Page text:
Band on the Wall, Manchester
I blame Luke Haines. He wrote an article in Record Collector last year extolling the virtues of the later Soft Machine albums. The ones they made after Robert Wyatt and Kevin Ayers departed and they dropped the Psychedelic whimsy and went full tilt bonkers Art Rock/Weird Jazz. I’d previously never got past Soft 3 where it goes very noodly, but Luke persuaded me to delve into Soft 7 which is indeed a monstrously good record. I’ve been dipping into that later stuff since and finding gems in those later record like ‘Soft Space’, the relentless Moroder-esque disco stormer that ends ‘Alive and Well’, and curiosities like the ‘Bundles’ album. So Soft Machine are in town and it’s a real treat to get to hear some of this stuff played live.
The Softs might be one of the first bands to keep going through various line-up changes until they ended up still performing and recording with nobody left from the original group, and probably didn’t notice as they were engrossed in an extended solo. Tonight’s version of Soft Machine comprises the ferocious rhythm pals – the mighty John Marshall on drums who has played with them since 1971 and the great Roy Babbington who joined in 1973. There’s also a relative newbie John Etheridge who has been with them on and off for a mere 41 years. Not a bad vintage eh? They’re joined by the ridiculously talented Theo Travis on Sax, Flute and Organ. He’s got the right CV for this having played extensively with Robert Fripp, Steven Wilson and rather touchingly he appeared in later line-ups of Gong with founder member Daevid Allen which is a nice link to Soft Machine prehistory.
The band play two sets starting with the title track from ‘Bundles’. The sound at Band on the Wall is, as always, superb and I’m struck by what an impressively powerful sound they make from the get go. John Etheridge takes the role of MC. He’s warm and funny and he does a good job of putting the audience at ease which I think helps if you’re about to launch into some quite complex, extended pieces. I suspect there were a lot more laughs at this gig than you’d get at a mid-70s Softs gig and he admits to forgetting which albums certain tracks are from – as do I.
A version of this line-up has recorded new material as ‘Soft Machine Legacy’ so they play some of that stuff too which stands up pretty seamlessly with the older stuff. The set features quite a lot from the ‘Softs’ album too given that 3/4 of the line-up made that record. I’m particularly taken with the haunting ‘Tales of Taliesin’. We also get tracks from ‘Bundles’ like ‘The Boy Who Waved At Trains’, a majestic ‘Chloe and the Pirates’ from ‘Six’ and even ‘Out-bloody-rageous’ from ‘Three’ which dates back to when Robert Wyatt was still on the drums.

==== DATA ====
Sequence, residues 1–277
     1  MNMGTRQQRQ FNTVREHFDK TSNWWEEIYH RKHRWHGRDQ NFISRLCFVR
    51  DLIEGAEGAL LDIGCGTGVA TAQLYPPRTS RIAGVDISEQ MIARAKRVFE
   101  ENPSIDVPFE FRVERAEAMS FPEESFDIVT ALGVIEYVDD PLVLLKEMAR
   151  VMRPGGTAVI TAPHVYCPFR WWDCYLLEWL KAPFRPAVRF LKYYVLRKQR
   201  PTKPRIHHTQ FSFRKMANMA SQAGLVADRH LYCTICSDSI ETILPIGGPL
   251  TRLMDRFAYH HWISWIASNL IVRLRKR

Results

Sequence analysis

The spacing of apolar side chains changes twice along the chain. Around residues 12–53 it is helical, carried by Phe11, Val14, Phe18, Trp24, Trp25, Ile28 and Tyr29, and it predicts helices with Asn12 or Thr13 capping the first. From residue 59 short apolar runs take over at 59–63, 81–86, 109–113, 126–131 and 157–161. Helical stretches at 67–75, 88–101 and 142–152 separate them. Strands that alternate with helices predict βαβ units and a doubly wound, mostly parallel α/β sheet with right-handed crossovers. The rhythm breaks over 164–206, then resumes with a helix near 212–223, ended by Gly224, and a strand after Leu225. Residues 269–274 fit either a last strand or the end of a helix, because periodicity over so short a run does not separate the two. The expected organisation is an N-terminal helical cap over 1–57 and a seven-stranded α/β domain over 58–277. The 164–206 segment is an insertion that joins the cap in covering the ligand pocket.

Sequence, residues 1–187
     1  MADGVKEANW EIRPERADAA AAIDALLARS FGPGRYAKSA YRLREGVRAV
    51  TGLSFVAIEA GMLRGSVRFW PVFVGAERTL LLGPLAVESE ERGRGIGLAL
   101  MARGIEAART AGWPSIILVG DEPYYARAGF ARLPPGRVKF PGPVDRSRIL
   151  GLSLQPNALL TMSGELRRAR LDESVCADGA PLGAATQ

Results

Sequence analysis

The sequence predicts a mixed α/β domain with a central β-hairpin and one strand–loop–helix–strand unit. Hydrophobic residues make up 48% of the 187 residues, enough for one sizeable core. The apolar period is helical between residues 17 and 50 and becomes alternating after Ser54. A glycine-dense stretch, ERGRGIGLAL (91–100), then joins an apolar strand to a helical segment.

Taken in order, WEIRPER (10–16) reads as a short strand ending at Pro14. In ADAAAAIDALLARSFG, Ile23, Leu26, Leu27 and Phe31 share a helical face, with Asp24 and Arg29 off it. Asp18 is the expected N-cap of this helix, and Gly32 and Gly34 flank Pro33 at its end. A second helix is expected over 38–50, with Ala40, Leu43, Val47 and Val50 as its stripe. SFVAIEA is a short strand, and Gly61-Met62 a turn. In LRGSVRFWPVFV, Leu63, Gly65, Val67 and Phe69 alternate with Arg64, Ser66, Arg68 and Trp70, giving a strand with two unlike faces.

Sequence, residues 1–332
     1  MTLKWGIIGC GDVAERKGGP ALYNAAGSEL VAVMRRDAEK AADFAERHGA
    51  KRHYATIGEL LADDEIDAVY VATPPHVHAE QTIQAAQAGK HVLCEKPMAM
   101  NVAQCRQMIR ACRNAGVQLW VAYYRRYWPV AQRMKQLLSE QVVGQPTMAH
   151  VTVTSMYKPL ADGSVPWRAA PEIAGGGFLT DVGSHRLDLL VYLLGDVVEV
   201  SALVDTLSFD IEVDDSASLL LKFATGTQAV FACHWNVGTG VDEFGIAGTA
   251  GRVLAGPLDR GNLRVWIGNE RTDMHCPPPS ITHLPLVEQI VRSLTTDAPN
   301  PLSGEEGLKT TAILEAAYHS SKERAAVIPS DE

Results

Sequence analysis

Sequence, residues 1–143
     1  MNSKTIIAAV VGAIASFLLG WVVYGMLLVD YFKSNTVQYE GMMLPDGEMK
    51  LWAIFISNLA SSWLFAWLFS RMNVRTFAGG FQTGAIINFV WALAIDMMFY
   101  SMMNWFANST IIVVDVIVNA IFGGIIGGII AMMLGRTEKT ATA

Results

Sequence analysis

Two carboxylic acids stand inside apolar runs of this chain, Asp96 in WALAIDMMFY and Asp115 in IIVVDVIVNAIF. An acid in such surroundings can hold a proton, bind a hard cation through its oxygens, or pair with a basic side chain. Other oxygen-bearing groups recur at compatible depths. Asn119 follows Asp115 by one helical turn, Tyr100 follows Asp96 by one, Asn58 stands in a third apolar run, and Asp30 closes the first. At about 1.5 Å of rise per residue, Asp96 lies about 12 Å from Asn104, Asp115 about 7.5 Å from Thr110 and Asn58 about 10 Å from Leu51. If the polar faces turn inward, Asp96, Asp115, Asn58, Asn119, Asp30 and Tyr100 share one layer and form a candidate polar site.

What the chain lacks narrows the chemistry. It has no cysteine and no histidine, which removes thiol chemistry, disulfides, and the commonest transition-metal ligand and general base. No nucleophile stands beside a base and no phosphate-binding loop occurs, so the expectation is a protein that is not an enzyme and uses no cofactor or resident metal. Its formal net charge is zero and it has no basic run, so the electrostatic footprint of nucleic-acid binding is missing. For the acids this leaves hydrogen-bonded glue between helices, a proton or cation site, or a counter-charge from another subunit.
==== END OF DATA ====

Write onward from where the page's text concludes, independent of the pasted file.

The band of course are all excellent musicians, and there is much soloing which I suppose is to be expected – particularly from John Etheridge, but there are lots of moments where they lock in together and create some magic – Roy Babbington hits the fuzz pedal, Etheridge applies some weird FX that make his guitar sound like Mike Ratledge doing an organ solo, Theo gets busy on Sax, and John Marshall starts getting almost into Jaki Liebezeit territory and it all sounds like…well, Soft Machine – that indefinable something that defines those early-mid 70s albums that sets them apart from just being Jazz rock, fusion or whatever it’s meant to be. They end with a Medley of bits and pieces which include a little teaser from my favourite ‘Seven’ and a Drum Solo from the incredible John Marshall – 76 years old, he looks very happy and he makes the drums sing. Brilliant.
Sold Out venue full of appreciative and respectful Proggers, Jazzers, Art Rockers and their heavy friends.
It made me think..
Given that there are countless bands and indeed solo artists touring that bear only a passing resemblance to their former glories only a massive pedant/bore would deny this band the right to call themselves Soft Machine. They definitely lived up to the name tonight and the capacity crowd seemed to agree. The Soft Machine is alive and well. They promised to come back soon, I hope they take some liberties with more of the back catalogue and do whatever they want with it and maybe record some new stuff with this line up.